Monday, October 11, 2010

On Patriotism

A post in pictures.

  1. In America, patriotism looks like this:

    Me and Andy in front of Mount Rushmore

    This is Andy and I doing our best America impressions in front of a minature Mount Rushmore at that famous Shenzhen attraction, Window of the World. Not to be confused with Windows on the World, the restaurant formerly located at the top of the World Trade Center towers, seen here, also in miniature:

    Miniature Twin
Towers

    As you can see, the miniature Mount Rushmore is quite authentic, even if the park necessarily elides the vast, unimportant states between New York and South Dakota (for your reference: New Jersey, Pennsylvania, Ohio, Michigan, Indiana, Illinois, Wisconsin, Iowa, Minnesota — residents of those states: you have nothing of value). This authenticity does not extend to the park brochure.

    Brochure

    Left to right: Horseface O’Washington, Jefferson Just Poppin’ In, ROOOOOOOSEVELT, Charlie McCarthy

    Window of the World is an “amusement” park which purports to contain (ok, actually does contain) detailed miniature recreations of famous world landmarks, like the Eiffel Tower, the Leaning Tower of Pisa, and the Africa.

    African
Village

    With Chinese people! Like the two guys who came up to us and first asked to take a picture with us:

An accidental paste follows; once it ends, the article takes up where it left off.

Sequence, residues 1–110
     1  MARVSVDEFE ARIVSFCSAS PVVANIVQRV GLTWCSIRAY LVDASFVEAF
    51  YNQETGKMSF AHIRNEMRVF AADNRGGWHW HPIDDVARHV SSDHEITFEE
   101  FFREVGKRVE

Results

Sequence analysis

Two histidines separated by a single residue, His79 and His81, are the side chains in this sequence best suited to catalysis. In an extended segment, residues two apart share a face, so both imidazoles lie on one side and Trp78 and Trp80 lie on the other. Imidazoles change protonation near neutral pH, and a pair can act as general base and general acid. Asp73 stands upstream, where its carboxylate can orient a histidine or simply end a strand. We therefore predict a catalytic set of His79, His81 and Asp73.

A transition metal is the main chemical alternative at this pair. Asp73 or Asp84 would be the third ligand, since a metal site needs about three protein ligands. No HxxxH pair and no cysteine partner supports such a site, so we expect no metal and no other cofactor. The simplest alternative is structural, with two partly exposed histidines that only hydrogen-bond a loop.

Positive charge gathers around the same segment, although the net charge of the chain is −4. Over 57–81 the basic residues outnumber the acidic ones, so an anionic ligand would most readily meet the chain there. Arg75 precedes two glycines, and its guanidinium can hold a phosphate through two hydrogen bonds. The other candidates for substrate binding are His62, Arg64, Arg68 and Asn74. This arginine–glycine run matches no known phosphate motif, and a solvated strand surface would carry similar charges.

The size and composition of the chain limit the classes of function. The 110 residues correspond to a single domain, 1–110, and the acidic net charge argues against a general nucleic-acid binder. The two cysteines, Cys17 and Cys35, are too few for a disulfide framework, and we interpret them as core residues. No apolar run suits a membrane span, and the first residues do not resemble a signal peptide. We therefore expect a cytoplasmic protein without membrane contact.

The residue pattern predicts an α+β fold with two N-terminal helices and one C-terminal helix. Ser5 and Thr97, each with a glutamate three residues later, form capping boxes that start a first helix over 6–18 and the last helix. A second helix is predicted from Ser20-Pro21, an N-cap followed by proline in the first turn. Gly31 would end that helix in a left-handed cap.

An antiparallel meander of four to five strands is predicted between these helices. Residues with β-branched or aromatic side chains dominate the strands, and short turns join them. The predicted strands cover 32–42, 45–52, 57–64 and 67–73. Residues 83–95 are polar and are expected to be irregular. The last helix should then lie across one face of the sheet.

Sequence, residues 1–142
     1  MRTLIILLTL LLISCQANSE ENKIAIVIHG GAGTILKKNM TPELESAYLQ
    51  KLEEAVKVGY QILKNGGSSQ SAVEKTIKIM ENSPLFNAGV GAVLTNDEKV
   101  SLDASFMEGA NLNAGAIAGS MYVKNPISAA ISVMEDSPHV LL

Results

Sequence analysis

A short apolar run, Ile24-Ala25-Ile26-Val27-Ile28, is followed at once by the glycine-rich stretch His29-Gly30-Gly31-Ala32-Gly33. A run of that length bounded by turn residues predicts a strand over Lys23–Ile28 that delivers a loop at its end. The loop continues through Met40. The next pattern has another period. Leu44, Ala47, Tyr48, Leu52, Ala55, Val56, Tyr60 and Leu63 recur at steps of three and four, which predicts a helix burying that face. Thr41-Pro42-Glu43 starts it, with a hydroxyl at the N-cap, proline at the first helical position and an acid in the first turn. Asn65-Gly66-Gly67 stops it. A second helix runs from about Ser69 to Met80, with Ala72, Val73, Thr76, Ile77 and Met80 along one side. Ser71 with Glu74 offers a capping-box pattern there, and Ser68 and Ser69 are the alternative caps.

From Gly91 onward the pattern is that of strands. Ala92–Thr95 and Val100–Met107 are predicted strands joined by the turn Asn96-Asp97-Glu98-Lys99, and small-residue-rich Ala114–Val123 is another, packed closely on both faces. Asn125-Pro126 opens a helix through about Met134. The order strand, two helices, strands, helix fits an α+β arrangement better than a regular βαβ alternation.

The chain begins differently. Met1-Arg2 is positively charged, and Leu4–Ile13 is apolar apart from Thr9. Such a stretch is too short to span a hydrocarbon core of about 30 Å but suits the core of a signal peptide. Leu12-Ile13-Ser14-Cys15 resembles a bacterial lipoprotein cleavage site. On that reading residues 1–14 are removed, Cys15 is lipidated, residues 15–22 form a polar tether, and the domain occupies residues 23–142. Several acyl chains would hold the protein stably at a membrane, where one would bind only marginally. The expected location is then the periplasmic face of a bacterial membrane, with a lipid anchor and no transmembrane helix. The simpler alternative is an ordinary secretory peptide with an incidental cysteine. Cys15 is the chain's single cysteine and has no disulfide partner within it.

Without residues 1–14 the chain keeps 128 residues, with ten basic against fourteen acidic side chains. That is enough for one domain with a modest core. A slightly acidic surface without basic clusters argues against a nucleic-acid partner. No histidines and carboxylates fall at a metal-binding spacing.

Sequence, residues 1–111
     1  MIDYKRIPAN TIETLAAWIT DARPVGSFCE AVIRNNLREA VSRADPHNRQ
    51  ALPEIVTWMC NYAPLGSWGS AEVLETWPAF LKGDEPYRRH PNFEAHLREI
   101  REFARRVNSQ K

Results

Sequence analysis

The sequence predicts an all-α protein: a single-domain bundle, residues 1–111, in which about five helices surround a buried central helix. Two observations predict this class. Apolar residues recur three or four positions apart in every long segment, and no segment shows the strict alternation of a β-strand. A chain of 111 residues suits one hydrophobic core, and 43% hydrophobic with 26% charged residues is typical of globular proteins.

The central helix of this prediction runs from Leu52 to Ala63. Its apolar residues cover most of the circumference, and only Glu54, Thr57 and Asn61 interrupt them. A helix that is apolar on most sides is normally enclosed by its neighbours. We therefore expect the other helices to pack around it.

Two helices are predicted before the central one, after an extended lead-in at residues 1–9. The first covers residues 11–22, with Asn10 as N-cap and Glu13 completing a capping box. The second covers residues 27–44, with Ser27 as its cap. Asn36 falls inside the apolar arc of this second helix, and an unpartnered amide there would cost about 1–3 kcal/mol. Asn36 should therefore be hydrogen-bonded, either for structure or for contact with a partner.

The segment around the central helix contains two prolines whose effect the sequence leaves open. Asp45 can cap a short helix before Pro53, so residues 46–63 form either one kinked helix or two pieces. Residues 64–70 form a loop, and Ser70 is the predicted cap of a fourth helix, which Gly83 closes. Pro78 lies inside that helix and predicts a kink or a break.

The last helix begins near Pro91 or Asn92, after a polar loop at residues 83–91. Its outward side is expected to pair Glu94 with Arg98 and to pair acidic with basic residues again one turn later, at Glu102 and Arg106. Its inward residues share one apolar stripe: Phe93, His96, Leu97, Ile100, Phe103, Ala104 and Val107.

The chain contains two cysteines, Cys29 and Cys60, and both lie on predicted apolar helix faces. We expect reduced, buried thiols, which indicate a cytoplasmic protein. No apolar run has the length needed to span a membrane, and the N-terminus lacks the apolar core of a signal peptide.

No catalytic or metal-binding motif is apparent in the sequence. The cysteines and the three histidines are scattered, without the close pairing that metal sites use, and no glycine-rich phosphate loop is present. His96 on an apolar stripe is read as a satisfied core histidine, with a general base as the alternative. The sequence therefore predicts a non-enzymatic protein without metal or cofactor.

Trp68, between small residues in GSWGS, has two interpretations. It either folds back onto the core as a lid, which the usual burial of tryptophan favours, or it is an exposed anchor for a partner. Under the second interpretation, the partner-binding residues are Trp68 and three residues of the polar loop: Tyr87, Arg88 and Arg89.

Elephant and the other
one

    And then they asked us where we were staying, and followed us there, and reserved a room there too. So we ended up spending about 10 hours with them, all told. At the end of the night they suggested we have a beer together, and after one bottle each the guy on the left’s eyes turned red and he had to rest his head in his hands so he wouldn’t throw up. When they left the next morning he said he’d look me up on Skype.

    Really a magical place, Window of the World.

  2. In China, patriotism looks like this:

    Liu Xiaobo

    Liu Xiaobo (AP)

    Liu Xiaobo, winner of the Nobel Peace Prize, is still being jailed in China for pro-democratic activities. Most Chinese citizens do not know who he is, what he stands for, or that he has won the Nobel Prize. Those who do know must be careful: references to Liu Xiaobo have been removed from Chinese blogs and websites, and text messages containing his name have been blocked and SIM cards suspended.

    Patriotism looks like this.